1. Assign, by convention, mappings of bit combinations to characters, to meet a particular purpose. There are a multitude of such mappings defined. The permutations of ASCII and EBCDIC are two examples.
  2. Define special bit combinations which indicate that following bit combinations have different meanings. These special bit combinations are called escapes. Escapes can then allow changing to a mapping which contains the characters which are needed.

Bit combinations:

I have mentioned the term "bit combinations" several times without defining it. A bit combination is a collection of bits which, by convention, represents a character in a computer. Often these combinations use 8 bits (a byte) but for our purposes, need not do so.

To understand how SGML addresses this problem, it is important to divorce the character and its meaning from its representation on particular system. In my discussion here, I have done that by referring to the representation as a "bit combination" and the meaning of a character as a "character". This concept will become particularly important later when we discuss defining syntaxes but for the moment when you think of characters, keep the meaning of a character separate from its representation on a given system.

Defining Character Sets

To support the definition of a document character set, SGML must allow the association of the bit combination used in the document for a particular character to that character's meaning. Unfortunately, it is verbose to define character meanings directly (although this can be done using glyph identifiers or other text descriptions) so SGML allows them to be defined in terms of another known or standard character set. Let me illustrate this with an example. Suppose I'm writing my document on an EBCDIC system which represents the capital letter A using the bit combination B'11000001' which is 193 in decimal. Let's also assume that I wish to define this character in terms of ISO 646, which is a well-known 7 bit character encoding standard. The character "capital A" is encoded in this standard using the bit combination B'01000001' which is 65 in decimal. The SGML declaration allows this association to be made with the following syntax:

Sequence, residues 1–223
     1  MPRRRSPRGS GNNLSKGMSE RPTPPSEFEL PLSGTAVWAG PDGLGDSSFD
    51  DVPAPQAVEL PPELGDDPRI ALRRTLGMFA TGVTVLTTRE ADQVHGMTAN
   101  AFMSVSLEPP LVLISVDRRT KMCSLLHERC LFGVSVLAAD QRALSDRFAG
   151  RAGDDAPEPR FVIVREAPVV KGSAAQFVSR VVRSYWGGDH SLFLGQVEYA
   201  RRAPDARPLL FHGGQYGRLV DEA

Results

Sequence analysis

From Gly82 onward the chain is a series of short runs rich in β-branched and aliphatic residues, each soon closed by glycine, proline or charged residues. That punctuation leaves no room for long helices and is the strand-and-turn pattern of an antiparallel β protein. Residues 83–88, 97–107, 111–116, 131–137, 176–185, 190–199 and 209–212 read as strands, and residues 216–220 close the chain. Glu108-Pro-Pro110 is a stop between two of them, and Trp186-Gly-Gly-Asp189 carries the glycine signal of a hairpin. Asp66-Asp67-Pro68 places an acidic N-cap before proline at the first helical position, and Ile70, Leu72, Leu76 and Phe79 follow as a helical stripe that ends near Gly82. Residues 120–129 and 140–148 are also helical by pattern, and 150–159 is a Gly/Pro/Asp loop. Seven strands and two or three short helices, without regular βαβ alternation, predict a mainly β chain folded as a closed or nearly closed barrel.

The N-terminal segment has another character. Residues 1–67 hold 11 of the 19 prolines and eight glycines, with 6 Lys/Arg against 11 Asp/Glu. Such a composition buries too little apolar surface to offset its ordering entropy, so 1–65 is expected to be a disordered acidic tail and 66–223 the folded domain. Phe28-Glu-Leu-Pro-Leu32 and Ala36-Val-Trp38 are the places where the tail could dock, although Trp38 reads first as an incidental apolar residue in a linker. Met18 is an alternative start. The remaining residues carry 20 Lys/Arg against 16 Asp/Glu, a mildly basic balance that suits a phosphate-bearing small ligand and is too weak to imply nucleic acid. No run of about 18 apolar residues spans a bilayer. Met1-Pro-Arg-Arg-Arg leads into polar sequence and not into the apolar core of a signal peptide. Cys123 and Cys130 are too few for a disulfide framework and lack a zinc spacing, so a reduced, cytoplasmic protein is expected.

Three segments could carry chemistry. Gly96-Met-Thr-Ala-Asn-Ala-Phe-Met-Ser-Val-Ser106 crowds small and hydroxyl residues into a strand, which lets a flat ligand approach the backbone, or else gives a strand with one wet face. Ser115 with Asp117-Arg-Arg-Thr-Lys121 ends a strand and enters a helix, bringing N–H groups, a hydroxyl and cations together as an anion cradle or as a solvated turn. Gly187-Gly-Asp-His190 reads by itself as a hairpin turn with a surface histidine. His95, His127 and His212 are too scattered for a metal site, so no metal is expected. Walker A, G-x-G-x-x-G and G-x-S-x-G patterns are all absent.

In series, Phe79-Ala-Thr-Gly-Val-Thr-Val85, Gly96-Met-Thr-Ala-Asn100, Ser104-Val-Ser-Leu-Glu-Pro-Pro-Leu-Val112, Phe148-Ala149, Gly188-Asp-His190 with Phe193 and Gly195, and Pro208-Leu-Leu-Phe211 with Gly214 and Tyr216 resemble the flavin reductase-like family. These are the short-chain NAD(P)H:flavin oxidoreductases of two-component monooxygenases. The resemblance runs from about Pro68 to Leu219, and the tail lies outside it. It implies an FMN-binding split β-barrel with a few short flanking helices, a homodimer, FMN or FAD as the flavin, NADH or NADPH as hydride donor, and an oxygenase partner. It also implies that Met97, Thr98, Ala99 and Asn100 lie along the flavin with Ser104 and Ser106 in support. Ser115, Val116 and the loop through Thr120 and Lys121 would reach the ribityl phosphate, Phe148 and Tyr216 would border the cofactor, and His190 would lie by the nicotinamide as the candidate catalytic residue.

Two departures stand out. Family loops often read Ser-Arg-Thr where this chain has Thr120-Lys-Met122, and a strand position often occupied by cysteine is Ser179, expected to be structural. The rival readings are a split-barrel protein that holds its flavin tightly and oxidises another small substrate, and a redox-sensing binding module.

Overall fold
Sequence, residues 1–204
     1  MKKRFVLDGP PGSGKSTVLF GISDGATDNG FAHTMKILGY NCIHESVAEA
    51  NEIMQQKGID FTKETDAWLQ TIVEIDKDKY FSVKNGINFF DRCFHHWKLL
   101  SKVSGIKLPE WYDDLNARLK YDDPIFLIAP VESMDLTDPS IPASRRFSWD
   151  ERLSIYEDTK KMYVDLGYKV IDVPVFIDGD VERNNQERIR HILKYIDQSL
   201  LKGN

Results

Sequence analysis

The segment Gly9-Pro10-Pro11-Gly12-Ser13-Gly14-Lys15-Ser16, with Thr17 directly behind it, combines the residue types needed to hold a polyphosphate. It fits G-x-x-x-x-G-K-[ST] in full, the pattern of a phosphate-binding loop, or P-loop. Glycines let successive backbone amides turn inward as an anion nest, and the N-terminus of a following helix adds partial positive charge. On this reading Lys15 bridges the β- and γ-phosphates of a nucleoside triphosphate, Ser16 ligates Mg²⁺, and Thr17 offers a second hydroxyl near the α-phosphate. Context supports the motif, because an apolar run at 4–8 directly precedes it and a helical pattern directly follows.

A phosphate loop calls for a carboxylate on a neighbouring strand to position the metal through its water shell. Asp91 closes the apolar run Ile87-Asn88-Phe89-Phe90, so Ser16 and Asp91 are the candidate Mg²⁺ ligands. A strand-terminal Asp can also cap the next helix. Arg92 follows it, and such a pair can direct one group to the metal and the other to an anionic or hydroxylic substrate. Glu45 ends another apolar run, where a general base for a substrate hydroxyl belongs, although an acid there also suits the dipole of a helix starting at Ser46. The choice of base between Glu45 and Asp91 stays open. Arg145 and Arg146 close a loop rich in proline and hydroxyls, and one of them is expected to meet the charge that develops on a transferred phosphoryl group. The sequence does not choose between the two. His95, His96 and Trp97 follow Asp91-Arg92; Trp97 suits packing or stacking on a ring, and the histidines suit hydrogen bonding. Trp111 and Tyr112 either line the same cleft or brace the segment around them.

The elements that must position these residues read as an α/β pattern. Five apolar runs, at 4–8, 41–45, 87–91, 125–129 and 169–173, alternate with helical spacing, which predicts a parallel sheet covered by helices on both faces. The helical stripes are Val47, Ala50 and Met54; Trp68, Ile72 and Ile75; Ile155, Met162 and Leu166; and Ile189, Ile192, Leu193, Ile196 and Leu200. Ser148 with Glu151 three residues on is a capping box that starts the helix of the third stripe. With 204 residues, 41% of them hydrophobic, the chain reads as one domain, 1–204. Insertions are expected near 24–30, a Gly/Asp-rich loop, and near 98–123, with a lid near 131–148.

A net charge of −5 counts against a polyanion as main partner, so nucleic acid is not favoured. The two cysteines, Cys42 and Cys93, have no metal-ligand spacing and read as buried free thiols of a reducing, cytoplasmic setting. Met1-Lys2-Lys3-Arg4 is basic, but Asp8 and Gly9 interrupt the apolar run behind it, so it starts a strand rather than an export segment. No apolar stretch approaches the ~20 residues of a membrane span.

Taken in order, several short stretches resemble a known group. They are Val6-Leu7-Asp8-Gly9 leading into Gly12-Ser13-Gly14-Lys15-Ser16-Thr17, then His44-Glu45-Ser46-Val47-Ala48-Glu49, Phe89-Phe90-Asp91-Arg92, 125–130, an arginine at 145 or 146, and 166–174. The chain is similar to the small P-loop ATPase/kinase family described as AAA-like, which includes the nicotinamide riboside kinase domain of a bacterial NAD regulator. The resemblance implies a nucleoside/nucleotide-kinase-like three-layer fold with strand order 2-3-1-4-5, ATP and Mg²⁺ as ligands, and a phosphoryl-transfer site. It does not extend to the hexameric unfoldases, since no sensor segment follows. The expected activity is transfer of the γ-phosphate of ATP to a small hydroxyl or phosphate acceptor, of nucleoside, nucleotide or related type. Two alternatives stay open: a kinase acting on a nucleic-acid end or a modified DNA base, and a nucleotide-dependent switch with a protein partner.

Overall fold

BASESET "ISO 646:1983//CHARSET International Reference Version (IRV)//ESC 2/5 4/0" DESCSET : 193 1 65 -- Map 1 document character starting at 193 (EBCDIC A) to base set character 65 (ISO 646 A) -- :

"BASESET" introduces the public identifier description of the character set being used as a reference or "base". The base set is typically a standard, registered or at least well-known character set. The description must be a form that the expected recipients will understand. It is convenient if the base set contains most, if not all, of the characters the document character set will use. It is also convenient if the base set closely resembles the document character set since this reduces the amount of specification that is required, as we shall see. After the base set specification, "DESCSET" introduces the descriptions or mappings from the document character set bit combinations to the "base" set's bit combinations.